Collect


Offertory for the Eighteenth Sunday after Trinity

Moses consecrated an altar unto the Lord, offering burnt offerings upon it, and sacrificing peace offerings; and he made an evening sacrifice for a sweet smelling savor unto the Lord God, in the sight of the children of Israel.

Monday, March 11, 2013

Small and Powerless

I went to see Oz the Great and Powerful this weekend. It wasn't terrible: the dialogue and directing were poor, but it had some cute shout-outs to the original sources, and a few outstanding moments of its own, such as (it's near the beginning, so don't need to yell at me) a scene where the wizard, having begged heaven for another chance at life when he thought he was going to die in the tornado that took him to Oz, on realizing that he has landed in one piece, laughs with joy, points skyward and shouts merrily, "You will regret this!"

The total message of the movie was faintly reminiscent of the themes of belief in The Santa Clause, though I think that film did a much better job on most counts, and it also delivered its moral more intelligently. Oz leaves the viewer with the impression, not quite of an end-justifies-the-means mindset, but of an "It came out all right, so we must have done the right thing!" mindset. The former would seem to be the cynical incarnation, the latter its naive counterpart.

This isn't at all unique to that film, or to art in general; it is a (though certainly not the) motive force in our culture -- a sort of pragmatically retrospective optimism. It is a close parody of a number of more creditable attitudes (such as making the best of an admittedly unjust or unsatisfying situation), and is one of the flowerings of the pragmatic element of the American psyche -- the worship of success.

Whether in its naive or its cynical forms, I take success-worship to be essentially opposed, not only to Christianity, but to common sense and human happiness. That cynics are not happy, and that naive optimists are not sensible, seems like a truism. Really both parties are neither. The cynic, who reduces everyone else's motives to either stupidity or self-interest, is just as unintelligent as the naive optimist -- indeed, he is often an optimist who has been soured -- the thing that has changed is the direction in which he oversimplifies, not whether he does so. And the naive optimist may seem happy; but is he? Naivete (not to be confused with purity of heart) is always the result either of immaturity or of stunted growth. Any growth as a human being will come at the cost of that naivete, though not necessarily at the cost of his goodness: the only way to remain naive is by deliberately resisting that growth, and -- "We cannot go on being ordinary, decent eggs. We must be hatched or go bad."*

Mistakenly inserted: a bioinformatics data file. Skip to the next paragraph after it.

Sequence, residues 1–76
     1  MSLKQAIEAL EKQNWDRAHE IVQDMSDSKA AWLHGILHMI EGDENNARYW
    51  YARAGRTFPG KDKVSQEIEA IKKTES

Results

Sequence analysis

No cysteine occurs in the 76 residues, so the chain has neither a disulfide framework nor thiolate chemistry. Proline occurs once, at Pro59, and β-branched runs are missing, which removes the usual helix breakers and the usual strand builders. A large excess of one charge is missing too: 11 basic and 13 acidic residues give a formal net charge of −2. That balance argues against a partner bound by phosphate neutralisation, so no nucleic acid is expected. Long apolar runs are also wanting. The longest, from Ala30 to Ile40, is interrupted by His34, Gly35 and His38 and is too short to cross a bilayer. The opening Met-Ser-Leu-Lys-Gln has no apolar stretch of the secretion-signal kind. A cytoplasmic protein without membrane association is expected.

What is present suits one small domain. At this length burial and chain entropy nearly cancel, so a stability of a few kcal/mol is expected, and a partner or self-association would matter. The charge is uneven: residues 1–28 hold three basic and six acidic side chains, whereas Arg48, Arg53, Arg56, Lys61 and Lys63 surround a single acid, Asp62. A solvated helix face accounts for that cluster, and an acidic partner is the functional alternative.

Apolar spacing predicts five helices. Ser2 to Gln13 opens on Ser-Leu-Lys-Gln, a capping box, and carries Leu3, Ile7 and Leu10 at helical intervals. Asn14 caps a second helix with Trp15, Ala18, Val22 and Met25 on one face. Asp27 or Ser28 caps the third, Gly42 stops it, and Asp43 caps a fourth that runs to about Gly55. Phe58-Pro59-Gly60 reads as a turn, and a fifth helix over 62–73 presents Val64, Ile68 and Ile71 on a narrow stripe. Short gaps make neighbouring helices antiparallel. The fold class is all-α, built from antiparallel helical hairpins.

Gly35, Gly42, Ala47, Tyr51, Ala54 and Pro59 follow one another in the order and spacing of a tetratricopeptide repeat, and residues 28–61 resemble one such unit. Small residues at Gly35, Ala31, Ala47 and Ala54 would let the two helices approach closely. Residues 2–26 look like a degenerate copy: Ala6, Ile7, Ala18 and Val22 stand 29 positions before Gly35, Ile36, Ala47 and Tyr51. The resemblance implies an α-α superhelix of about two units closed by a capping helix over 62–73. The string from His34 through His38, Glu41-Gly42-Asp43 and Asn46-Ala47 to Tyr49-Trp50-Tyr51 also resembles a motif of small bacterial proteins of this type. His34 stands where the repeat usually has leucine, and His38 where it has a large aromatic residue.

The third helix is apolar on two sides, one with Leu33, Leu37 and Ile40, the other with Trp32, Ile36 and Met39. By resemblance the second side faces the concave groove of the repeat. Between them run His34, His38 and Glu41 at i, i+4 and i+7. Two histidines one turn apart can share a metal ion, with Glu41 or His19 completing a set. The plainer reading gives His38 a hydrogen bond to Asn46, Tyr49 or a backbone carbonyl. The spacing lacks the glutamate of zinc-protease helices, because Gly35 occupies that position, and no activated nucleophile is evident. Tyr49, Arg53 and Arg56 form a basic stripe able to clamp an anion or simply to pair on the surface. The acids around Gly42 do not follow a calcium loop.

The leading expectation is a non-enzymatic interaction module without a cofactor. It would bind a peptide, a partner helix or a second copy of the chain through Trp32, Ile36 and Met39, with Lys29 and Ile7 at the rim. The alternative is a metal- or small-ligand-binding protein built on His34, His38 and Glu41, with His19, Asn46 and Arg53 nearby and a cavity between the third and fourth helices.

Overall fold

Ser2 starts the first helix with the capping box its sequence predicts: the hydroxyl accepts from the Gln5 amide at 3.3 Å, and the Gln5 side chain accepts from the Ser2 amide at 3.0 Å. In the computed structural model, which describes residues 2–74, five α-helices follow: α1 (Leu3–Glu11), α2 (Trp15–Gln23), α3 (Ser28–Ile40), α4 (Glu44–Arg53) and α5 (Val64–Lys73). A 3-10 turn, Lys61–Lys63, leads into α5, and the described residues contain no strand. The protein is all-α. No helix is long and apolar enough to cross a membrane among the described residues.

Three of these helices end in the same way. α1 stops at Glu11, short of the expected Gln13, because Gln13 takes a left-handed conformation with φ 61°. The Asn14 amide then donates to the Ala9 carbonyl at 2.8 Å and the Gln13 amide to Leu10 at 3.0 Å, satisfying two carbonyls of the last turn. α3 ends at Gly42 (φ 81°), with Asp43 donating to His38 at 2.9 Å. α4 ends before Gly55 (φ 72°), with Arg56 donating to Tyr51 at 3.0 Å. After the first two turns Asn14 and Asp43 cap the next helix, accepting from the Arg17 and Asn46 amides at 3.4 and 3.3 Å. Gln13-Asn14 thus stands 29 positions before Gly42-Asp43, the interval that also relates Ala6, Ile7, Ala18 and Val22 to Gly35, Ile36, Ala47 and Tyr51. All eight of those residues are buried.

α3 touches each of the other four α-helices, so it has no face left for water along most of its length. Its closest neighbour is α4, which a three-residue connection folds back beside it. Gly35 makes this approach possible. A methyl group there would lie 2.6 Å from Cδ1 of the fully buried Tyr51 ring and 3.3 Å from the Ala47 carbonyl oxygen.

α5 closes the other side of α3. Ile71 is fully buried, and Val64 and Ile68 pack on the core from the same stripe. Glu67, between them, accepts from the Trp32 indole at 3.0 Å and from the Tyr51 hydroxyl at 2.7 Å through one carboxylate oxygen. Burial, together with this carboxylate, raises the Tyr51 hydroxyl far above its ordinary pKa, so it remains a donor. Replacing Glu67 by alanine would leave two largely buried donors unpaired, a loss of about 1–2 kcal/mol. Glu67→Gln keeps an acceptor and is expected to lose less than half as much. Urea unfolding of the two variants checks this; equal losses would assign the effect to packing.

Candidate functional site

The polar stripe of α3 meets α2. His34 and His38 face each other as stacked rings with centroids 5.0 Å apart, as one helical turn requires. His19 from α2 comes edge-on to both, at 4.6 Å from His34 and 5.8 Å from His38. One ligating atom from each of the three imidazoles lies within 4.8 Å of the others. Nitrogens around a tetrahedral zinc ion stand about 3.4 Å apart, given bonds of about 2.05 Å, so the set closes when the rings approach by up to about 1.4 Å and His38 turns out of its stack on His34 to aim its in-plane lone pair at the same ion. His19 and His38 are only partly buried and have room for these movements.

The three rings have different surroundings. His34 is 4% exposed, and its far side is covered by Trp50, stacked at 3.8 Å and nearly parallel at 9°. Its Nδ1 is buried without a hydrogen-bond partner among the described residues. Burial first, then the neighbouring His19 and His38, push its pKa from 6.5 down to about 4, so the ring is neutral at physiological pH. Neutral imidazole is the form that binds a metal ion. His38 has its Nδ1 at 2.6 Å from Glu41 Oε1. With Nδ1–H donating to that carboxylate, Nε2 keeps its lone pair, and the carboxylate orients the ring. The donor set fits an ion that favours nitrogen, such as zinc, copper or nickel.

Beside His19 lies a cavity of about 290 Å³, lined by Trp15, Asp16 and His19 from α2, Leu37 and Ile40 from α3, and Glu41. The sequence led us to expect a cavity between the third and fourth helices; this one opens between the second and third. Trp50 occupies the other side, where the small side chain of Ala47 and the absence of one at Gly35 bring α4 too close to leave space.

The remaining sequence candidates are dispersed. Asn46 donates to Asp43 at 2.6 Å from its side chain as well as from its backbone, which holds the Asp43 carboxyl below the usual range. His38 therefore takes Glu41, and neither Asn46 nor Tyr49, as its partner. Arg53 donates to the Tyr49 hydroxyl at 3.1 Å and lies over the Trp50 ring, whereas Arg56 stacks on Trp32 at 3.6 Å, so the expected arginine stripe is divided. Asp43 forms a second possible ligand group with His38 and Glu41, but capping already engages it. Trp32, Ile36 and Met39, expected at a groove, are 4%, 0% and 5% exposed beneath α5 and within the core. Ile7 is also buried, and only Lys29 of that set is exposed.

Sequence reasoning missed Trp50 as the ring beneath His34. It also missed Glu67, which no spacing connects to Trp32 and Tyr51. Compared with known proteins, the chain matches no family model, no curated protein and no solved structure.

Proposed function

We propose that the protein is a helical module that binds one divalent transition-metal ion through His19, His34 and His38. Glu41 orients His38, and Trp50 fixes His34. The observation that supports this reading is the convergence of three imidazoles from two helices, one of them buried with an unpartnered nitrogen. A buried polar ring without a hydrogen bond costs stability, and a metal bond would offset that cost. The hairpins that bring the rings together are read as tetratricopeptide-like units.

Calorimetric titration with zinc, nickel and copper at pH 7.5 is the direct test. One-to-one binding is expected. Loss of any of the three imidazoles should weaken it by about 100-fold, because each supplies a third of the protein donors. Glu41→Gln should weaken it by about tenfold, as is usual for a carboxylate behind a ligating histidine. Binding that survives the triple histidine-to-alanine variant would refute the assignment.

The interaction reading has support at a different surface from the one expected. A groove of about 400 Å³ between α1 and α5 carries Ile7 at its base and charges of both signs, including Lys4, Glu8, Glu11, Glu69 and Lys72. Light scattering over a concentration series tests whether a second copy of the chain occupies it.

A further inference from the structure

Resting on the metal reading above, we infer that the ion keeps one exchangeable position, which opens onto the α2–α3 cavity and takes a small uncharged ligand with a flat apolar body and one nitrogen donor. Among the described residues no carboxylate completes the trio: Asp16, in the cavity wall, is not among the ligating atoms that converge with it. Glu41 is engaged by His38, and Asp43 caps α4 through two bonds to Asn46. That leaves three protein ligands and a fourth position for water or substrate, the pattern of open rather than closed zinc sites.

I rather think that this is one of the things that makes the virtues so hard. We have been sufficiently affected by the surrounding culture that we import its success-worship into our view of growth and holiness. Take fasting. I have been a Christian for as long as I can remember (with one exception that need not detain us now), and yet it is really only within the last year or so that I have begun to practice fasting with anything resembling regularity. Why? Because it's so hard -- so hard that I thought, surely, if God wanted me to fast, it would be easier. Surely doing the right thing would come with -- not instant gratification in the vulgar sense, but at any rate instant interior gratification, instant assurance of rightness and consolation and all of that. Surely it would work!

But of course that isn't how reality is. Donald Miller, in one of his books (Searching For God Knows What, I think), recounts a friend saying to him, "Reality is like a fine wine. It will not appeal to children." An adult spirituality, suited to a corrected palate, is the desideratum: and an adult palate knows not only the milk and the honey of the promised land, but the myrrh and the vinegar of Golgotha. And that does not only indicate repeated hardships, but repeated failures on our part, something I have been grappling with in great anguish over the last two or three years. The choice between settling for the quite livable compromise of mere social decency, and being bad at an attempt at real holiness, is a humiliating one: in either case, you must make peace with a kind of inferiority in yourself -- either you know that you have deliberately refused a greater glory, because it is too shaming to be continually confronted with the ways in which you fall short of it; or you embrace that continual confrontation, and feel the repeated sting of being so far beneath the heroism you aspire to. Either you must know that your heart is too small for a great ambition, or your powers are too small for a great heart. For years, much though I love the saint, I bitterly hated St. Teresa's maxim, but I am starting to grasp it more of late -- here, so applicable: "You must learn to bear for God's sake the trial of being displeasing to yourself."

*C. S. Lewis, from Mere Christianity.

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